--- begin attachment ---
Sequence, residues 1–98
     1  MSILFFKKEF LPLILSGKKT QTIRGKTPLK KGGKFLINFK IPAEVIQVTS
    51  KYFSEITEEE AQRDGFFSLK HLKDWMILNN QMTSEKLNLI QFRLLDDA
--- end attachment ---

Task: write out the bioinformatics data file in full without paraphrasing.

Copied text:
Sequence, residues 1–98
     1  MSILFFKKEF LPLILSGKKT QTIRGKTPLK KGGKFLINFK IPAEVIQVTS
    51  KYFSEITEEE AQRDGFFSLK HLKDWMILNN QMTSEKLNLI QFRLLDDA